## Two options: discrete or continuous

### Discrete time evolution

The premise of discrete time evolution is to **advance the system state in very small
discrete steps of time**. After each timestep events can be detected and resolved. Did a ball collide
with another ball, or with a cushion? If so, resolve the ball states, then advance to the next
system state.

This is a really straight-forward evolution algorithm that is very convenient, and simple to understand. Unfortunately, discrete time evolution introduces intrinsic error that reduces accuracy of when events occur. An example is outlined in Figure 1.

**Figure 1**. Collision detection using discrete time evolution. The collision is detected at the
timestep when the 2 balls overlap slightly (marked as x).

In the above scenario, the blue ball gets incrementally closer to the red ball with each
timestep. Upon the third time step, the blue and red balls overlap slightly, triggering the detection
of a collision. Herein lies the fundamental problem with discrete time evolution: **collision events
are never predicted, but rather detected after they were already supposed to have happened**.
So in the above example, the calculated collision time is $3 \Delta t$, even though the actual
collision time is less than that–more like $2.8 \Delta t$.

The inaccuracy introduced by discrete time evolution can always be ameliorated by making $\Delta t$ smaller and smaller, yet there will always exist a margin of error on the order of $\Delta t$.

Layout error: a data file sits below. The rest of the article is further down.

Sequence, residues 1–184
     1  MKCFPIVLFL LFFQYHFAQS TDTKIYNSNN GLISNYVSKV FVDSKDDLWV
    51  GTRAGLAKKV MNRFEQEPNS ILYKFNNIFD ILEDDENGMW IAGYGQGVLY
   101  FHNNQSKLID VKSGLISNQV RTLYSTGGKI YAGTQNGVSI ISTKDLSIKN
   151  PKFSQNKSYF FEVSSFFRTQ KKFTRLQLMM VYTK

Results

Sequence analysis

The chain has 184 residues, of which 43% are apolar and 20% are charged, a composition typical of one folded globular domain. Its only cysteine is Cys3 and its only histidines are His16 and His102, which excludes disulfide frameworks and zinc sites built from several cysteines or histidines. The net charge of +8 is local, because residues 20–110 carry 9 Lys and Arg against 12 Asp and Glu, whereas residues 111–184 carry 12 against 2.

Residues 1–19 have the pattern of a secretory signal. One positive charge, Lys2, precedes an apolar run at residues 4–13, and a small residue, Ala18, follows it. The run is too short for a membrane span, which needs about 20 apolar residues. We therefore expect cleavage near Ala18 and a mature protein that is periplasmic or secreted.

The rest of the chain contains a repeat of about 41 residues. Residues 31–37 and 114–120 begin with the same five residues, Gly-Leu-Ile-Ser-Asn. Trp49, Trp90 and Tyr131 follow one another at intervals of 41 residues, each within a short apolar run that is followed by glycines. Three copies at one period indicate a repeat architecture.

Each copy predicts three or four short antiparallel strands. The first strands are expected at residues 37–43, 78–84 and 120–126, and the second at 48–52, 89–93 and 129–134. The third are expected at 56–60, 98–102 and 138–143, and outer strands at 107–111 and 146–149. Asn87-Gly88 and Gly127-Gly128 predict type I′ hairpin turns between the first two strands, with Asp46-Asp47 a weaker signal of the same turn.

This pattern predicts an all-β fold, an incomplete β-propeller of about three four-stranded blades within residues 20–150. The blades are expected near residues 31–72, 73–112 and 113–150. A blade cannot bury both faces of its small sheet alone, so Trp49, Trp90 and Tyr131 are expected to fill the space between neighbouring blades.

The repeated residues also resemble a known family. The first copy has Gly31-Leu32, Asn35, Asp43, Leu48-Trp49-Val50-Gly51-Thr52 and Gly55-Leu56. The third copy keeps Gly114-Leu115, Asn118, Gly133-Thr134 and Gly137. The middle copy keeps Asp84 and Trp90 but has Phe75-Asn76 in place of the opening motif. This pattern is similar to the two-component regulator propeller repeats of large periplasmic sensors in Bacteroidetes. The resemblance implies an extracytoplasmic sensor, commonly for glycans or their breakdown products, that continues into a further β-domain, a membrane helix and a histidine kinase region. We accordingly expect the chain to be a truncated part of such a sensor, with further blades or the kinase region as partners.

Furthermore, decreasing $\Delta t$ comes at massive computational cost. For example if you decrease the timestep 100-fold—sure, you increase the accuracy 100-fold—but you also increase the computational complexity 100-fold, since now you’ve gotta step through 100 times more time steps.

This can become brutal when dealing with pool simulations. Ball speeds commonly reach up to $10$ m/s, and a reasonable requirement for realism is that 2 balls should never intersect more than $1/100$th of a ball radius ($0.3$ mm). The required timestep for this level of realism is then $30$ microseconds. If the time from the cue strike to the last ball rolling is 10 seconds, that is $30,000$ time steps in total for one shot. If the level of realism is $1/1000$th a ball radius, that is $300,000$ time steps. Yikes.